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October 2016
Born in Lansing, Michigan
Living in Denver, Colorado
Public defender and cookie expert

“I would create a law that said: ‘You have to exhaust all treatment possibilities before incarcerating someone’.”

Before passing the bar, Katie did a great deal of things, bartending included. “I really didn’t know what to do when I graduated so I went to Alaska for a year, and I end up staying for 4 years.” In Alaska Katie worked in a bookstore, for a newspaper, for a surveying company and at a bar “for about a week”. After Alaska she studied law in Boston and finally moved to Denver, where she found a job, her husband and a life of crime. Please, explain, Katie. “People charged with crimes take up most of my time.” Does becoming a defense attorney change a person? “I feel less afraid because I know the people who are committing crimes are people who generally are in a real bad spot.” Katie described a revolutionary kind of court being instituted in parts of the United States: “A problem-solving court is focused in rehabilitation and treatment as opposed to punishment. We want to get people back into the community, rather then separating them from society.” Here’s a random fact for your next Trivial Pursuit game: the U.S.A. has 2.22 million people behind bars, a world record. “If we can do more to treat addiction and mental health, which I think is finally part of the conversation, then, yes, I think crime will go down.”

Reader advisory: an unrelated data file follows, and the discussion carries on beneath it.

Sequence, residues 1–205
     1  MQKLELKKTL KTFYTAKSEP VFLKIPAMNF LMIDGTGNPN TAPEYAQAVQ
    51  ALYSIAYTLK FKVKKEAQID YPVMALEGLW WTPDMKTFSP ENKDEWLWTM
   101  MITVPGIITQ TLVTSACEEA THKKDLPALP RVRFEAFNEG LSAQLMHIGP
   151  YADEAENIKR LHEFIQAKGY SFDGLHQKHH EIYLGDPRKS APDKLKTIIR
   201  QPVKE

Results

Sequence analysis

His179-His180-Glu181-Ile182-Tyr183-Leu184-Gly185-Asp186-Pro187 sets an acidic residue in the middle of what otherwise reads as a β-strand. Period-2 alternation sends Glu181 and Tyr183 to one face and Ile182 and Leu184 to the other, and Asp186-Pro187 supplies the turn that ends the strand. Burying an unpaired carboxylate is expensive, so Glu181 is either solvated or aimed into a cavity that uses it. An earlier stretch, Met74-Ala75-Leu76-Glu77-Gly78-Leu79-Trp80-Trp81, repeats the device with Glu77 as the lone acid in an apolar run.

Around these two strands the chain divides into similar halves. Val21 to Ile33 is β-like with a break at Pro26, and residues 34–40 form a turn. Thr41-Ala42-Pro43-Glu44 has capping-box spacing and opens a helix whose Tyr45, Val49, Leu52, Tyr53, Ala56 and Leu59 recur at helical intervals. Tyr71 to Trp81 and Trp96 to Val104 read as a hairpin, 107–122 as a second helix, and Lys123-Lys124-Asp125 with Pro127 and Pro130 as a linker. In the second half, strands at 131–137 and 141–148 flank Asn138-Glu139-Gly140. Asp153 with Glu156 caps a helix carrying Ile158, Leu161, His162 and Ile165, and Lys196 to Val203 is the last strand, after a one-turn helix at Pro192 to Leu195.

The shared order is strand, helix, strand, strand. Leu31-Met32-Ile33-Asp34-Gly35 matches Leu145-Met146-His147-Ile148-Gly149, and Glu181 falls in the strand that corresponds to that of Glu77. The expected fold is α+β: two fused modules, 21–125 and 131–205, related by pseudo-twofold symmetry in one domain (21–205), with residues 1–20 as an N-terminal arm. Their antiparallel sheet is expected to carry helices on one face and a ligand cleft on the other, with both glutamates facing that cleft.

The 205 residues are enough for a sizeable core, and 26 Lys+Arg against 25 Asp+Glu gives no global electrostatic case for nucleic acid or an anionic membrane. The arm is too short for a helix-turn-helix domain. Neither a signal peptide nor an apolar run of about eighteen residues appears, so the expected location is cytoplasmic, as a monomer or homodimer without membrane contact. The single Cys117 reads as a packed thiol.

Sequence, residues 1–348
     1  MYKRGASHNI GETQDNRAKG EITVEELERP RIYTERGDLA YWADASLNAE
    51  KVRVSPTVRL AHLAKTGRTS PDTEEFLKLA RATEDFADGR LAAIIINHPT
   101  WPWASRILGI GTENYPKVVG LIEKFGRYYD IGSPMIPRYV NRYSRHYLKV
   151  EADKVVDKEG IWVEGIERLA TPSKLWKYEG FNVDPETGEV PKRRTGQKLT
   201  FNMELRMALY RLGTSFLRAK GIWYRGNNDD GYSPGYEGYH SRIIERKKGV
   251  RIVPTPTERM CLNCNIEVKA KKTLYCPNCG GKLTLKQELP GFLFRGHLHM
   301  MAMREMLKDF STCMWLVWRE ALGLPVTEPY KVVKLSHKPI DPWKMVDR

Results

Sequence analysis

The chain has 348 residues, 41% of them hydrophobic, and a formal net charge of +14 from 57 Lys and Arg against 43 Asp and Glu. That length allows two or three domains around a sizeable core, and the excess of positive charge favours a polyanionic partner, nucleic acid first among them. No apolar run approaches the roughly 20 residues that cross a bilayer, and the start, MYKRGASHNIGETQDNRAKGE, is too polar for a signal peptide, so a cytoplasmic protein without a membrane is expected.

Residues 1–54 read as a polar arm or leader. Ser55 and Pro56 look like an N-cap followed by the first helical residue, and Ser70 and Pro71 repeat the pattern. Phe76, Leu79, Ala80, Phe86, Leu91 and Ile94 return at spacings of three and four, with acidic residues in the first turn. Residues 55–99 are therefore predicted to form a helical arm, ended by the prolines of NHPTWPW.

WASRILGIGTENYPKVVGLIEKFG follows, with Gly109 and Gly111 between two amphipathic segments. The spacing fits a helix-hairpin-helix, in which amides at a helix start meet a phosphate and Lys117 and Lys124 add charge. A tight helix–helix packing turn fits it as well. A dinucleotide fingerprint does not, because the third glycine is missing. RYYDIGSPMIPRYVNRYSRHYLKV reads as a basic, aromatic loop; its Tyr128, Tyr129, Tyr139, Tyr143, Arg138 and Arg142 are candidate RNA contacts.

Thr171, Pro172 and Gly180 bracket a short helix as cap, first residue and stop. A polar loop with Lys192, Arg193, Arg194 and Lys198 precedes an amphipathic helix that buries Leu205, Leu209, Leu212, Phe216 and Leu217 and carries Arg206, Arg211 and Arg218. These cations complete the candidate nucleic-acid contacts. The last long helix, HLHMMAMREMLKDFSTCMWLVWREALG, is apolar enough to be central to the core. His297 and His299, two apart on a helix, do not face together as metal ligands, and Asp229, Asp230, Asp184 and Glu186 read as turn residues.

Where on the map